Open Day at the GEC Castle Engineering Works, Stafford

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Description:The GEC Castle Engineering Works in Stafford held an Open Day in 1977 to mark the occasion of the Queen’s Silver Jubilee. During the event there were various attractions for the visitors including examples of factory equipment in operation, a flower and vegetable show, rides on a miniature railway, games of skittles, electrical items from the employees’ shop, a Red Cross First Aid demonstration, competitions for children and the locomotive ‘Isabel’ was on view.

Pictured outside the Medical Department during Castle Works Open Day is an example of First Aid and a display of medical equipment organised by the Red Cross. If you recognise anyone in the picture please contact us.

This GEC site was originally the home of W.G. Bagnall Ltd., which was established in 1870 in Castle Street. Bagnall's first locomotive was produced in 1875, the company going on to produce machines for collieries and overseas plantations. Eventually Bagnall's was manufacturing powerful locomotives for some of the world's most important railways.

In 1951 Bagnall's merged with Brush Traction Ltd., and in 1959 the firm was sold to W.H. Dorman Ltd. Two years later they were taken over by the English Electric Co. and production at the Castle Street works ceased. The English Electric Co merged with GEC (The General Electric Company) during 1968 and the site became part of GEC Power Engineering Ltd., known as GEC Castle Engineering Works (or Castle Works).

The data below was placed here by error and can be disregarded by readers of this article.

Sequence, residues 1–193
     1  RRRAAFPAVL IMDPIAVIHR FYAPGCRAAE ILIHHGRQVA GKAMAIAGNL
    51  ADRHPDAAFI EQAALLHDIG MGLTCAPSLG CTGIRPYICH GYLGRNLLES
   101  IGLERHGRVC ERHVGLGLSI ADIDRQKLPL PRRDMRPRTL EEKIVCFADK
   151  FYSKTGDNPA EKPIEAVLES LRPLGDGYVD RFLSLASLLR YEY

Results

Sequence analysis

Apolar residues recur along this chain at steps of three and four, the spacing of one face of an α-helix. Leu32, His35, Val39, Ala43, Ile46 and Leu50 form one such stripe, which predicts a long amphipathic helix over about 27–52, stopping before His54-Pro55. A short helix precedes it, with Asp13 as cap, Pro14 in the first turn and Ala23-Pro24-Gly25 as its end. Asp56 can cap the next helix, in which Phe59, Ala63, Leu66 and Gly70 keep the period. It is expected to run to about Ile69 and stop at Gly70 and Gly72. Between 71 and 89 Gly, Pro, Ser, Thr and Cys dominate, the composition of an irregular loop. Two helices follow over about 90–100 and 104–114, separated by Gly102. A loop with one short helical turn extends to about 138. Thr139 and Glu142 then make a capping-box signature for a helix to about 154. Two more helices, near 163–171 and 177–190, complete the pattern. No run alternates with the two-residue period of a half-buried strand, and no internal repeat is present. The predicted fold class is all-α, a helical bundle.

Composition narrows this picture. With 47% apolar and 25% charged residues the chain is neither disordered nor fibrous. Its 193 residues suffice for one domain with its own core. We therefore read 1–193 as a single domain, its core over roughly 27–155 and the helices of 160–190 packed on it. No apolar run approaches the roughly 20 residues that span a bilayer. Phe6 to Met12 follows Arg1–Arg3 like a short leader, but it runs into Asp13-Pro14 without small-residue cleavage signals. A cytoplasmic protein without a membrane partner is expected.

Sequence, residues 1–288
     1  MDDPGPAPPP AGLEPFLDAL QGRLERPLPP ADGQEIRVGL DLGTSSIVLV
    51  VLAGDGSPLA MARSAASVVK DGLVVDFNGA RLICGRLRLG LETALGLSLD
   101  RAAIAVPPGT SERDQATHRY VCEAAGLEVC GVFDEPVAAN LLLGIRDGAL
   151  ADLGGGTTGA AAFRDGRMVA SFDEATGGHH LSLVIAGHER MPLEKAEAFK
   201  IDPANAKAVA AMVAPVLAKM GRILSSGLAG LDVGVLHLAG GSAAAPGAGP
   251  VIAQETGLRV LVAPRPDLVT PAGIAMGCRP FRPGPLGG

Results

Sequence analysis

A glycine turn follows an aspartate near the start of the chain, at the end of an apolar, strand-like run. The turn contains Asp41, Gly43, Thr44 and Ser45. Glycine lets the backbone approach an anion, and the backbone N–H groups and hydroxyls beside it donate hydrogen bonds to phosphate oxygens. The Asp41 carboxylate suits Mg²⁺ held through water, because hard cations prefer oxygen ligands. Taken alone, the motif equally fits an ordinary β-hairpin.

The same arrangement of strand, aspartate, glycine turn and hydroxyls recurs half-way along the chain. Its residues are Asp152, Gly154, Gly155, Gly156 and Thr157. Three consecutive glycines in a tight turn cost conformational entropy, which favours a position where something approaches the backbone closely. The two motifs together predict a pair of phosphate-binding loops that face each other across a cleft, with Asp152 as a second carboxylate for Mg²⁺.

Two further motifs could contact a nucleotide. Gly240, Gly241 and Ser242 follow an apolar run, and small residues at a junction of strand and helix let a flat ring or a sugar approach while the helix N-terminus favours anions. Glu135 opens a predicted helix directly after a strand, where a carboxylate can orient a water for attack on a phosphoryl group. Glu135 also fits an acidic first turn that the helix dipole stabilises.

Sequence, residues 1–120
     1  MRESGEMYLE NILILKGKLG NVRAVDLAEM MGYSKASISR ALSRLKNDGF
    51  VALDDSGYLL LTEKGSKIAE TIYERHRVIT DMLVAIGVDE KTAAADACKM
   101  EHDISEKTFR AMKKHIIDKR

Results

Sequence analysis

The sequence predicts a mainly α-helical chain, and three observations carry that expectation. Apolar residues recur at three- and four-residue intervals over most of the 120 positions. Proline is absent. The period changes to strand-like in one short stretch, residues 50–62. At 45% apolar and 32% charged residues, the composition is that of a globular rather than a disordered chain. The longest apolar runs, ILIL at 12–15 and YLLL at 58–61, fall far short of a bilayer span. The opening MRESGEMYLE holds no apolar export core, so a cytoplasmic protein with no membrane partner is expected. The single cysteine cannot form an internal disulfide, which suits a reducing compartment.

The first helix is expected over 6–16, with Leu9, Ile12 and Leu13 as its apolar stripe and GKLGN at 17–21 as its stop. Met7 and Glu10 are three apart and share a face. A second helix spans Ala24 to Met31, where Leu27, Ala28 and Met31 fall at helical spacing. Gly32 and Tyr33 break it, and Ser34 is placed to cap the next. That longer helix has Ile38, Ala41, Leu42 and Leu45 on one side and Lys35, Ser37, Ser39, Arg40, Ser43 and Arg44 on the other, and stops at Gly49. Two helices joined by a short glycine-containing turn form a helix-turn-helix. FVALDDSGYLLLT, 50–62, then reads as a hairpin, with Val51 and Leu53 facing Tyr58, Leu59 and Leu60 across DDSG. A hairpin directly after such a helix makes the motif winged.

Over the years the Castle Works Site was controlled by the GEC company management based at the Site Services Division on the Lichfield Road site in Stafford. Some of the buildings at Castle Works were rented / leased out to several organisations including GEC Ceramics (later GEC ALSTHOM Ceramics) and from 1984, Landon Engineering. Also on the site from around 1988 were the WEC and ITeC, these formed part of the Work Experience Centre which offered a range of training facilities for unemployed people and included the YTS (Youth Training Scheme) providing basic skills such as gardening, woodwork, upholstery, information technology and engineering. In later years the site stood empty and during August / September 2013, it was reported in the Staffordshire Newsletter and the Express and Star newspapers that the derelict buildings on the Castle Works site were being demolished to make way for a housing development.